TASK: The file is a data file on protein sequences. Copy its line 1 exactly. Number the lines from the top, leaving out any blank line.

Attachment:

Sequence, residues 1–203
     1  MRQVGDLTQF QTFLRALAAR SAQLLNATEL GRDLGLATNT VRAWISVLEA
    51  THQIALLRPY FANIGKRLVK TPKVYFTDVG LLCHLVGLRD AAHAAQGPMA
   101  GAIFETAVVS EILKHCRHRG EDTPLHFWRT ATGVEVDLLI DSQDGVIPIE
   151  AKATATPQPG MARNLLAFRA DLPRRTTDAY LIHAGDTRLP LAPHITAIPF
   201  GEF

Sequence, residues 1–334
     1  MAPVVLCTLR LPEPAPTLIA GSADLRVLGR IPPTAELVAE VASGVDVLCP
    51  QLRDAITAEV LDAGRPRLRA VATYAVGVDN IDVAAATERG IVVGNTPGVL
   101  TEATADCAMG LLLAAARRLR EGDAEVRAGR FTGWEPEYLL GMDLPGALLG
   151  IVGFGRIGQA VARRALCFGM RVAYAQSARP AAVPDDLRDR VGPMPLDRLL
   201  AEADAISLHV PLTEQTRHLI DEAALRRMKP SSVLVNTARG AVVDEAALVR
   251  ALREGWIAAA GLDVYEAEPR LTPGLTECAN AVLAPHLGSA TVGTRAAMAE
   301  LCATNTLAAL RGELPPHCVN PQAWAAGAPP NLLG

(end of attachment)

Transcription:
Sequence, residues 1–203